Principles of Pagan Life Rites (Ireland)
Pagan Life Rites (Ireland), in common with other organisations, makes no claim to represent every person of Pagan faith resident on the island, however, it shall serve individuals who seek assistance and shall operate in the interests of Pagan traditions in Ireland.
The primary objective of Pagan Life Rites (Ireland) is to serve the Pagan community of the island of Ireland by way of providing trained clergy for the administering of traditional religious rites pertaining to birth, marriage, death and rites for other passages in life. In the case of marriage, the traditional religious rite is referred to as Handfasting which is a continuation of Ireland’s indigenous wedding rite being that custom first recognised in Brehon law. Our Constitution elaborates further on the desire of Pagan Life Rites to offer couples legal ceremonies of marriage, and its subsidiary objects.
As Pagan Life Rites grows, it will further seek, not only to improve the services it provides to the Pagan community, but also to improve the relationship Pagans have with the wider community in the form of increased communication with Government regarding the rights of Pagans. It will also provide information to those who wish to understand our ethos better.
All Clergy listed on the Pagan Life Rites website will be approved by the Board and serving Regional Officers of Pagan Life Rites Ireland.
The ethos of Pagan Life Rites is reflected in the general Pagan attitudes. That is, recognition that there are many aspects of Deity reflected in but not restricted to, the worship of God(s) and Goddess(es); the immanence of Deity within all things; and a direct communion without intercession to the Divine in Nature.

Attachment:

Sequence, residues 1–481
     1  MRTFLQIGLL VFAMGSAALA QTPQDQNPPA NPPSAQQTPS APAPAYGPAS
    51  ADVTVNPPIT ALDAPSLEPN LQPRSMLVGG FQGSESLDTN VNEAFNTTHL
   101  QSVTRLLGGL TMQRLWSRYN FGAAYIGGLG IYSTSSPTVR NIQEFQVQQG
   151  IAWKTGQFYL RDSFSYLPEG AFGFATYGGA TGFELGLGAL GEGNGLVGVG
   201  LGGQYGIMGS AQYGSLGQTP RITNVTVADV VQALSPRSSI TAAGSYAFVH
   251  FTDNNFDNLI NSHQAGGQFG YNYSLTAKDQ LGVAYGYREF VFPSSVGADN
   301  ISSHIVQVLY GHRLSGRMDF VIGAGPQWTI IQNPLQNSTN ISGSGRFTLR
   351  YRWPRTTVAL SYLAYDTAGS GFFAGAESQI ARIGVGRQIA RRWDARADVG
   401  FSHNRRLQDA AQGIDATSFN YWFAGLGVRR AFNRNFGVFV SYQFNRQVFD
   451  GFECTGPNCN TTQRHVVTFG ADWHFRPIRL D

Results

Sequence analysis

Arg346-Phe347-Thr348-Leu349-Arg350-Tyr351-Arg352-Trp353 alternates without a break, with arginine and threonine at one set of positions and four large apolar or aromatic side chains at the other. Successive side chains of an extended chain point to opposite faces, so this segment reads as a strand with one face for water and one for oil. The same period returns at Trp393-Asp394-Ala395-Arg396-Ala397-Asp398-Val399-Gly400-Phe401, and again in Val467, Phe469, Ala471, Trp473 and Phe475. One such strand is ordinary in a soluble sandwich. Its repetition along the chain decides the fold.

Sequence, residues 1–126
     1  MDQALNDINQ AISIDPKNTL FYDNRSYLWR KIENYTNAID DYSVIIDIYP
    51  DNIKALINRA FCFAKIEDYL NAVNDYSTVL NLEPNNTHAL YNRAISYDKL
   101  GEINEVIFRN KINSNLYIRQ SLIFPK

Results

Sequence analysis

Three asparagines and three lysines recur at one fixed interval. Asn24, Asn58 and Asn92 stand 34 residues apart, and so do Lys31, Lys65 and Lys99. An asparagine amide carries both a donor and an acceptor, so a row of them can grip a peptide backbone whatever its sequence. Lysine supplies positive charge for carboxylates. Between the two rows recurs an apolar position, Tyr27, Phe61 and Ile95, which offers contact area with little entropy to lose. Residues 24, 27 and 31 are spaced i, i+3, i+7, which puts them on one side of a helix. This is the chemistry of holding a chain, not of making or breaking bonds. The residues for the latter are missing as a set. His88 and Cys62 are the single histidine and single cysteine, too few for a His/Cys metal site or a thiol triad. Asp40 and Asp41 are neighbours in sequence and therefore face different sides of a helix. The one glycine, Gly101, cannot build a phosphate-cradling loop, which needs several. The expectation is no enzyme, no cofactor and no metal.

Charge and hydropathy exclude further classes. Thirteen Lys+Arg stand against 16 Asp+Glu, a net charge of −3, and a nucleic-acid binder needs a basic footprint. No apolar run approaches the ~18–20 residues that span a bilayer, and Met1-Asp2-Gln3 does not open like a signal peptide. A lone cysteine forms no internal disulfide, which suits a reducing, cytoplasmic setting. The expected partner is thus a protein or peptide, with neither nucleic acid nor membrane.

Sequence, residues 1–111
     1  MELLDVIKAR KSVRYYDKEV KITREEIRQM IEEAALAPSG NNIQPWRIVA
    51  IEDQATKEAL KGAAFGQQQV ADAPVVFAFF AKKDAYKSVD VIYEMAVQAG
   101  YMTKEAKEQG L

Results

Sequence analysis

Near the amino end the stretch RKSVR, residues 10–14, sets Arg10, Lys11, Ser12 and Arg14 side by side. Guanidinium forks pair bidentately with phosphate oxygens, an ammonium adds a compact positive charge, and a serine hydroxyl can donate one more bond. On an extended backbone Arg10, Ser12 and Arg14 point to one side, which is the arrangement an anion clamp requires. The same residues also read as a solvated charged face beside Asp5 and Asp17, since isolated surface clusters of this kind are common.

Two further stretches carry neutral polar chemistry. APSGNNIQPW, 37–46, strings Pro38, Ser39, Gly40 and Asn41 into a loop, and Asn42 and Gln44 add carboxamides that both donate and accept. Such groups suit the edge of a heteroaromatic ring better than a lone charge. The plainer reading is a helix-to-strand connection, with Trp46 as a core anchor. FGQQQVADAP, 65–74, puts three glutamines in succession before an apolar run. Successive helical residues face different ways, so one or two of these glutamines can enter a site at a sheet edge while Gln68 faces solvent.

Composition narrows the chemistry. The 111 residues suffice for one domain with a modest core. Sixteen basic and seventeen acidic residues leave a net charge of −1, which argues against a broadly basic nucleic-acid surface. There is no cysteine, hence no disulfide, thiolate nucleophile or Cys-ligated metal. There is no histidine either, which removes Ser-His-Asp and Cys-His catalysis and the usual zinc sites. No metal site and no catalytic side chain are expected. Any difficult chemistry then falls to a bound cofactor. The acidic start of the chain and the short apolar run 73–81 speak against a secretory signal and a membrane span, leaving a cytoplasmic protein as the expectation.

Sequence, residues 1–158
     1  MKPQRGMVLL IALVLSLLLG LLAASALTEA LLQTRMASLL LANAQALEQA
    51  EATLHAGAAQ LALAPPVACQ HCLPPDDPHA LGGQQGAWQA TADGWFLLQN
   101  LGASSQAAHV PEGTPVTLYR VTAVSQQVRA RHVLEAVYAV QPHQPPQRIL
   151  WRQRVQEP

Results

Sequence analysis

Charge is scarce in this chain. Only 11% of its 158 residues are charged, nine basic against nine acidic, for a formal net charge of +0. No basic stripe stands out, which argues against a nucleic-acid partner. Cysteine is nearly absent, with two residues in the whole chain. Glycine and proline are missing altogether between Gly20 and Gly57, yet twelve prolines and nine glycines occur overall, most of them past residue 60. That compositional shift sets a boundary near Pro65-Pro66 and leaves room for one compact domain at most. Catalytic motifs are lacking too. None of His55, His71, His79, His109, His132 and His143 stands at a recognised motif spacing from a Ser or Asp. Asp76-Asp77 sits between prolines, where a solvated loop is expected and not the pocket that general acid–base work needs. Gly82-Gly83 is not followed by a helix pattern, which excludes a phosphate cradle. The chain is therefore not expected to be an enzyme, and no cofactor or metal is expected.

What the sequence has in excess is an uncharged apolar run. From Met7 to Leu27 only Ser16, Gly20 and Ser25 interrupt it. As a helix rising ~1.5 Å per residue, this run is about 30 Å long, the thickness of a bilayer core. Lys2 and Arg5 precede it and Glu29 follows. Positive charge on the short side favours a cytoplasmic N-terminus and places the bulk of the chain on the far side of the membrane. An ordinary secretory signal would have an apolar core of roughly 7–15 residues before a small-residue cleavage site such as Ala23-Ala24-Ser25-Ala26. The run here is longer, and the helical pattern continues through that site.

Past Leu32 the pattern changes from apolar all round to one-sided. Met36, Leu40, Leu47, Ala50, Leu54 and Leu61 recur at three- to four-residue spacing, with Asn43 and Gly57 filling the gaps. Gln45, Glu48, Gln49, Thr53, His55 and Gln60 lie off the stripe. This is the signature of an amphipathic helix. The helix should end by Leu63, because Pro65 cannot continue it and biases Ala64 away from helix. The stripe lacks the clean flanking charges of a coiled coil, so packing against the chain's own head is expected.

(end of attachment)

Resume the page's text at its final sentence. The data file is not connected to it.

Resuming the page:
This is encompassed in the following Principles:
Many of us who follow a Pagan faith recognise ourselves as being of Nature.
Pagans, whether in groups, groves, orders, covens, ‘communities of practice’, or solitary, hold rites to celebrate the sacredness of Nature and the celebration of the Divine in all living, be it in a private home, a rented venue, or an historical site such as Navan Fort or Tara. Handfastings are now often facilitated in outdoor settings thanks to Section 16(b) of the Civil Registration (Amendment) Act 2014. Having a permanent physical temple can be impractical and, to some, antithetical to our spiritual practice.
Some Pagans eschew the idea of orthodoxy or dogma, preferring to find our own way, as opposed to following a written set of rules or guidelines of practice. There are those of us who would not describe ourselves as Pagan at all, finding the term ‘Pagan’ too constricting. Our spiritual belief may be Earth-based and Divinity, seen as either immanent or transcendent in relation to our world, may be viewed through a monotheistic, polytheistic, pantheist, panentheist, or animist understanding.
So long as the four Principles of Pagan Life Rites fit within your belief system or practice you are welcome to become members of Pagan Life Rites Ireland.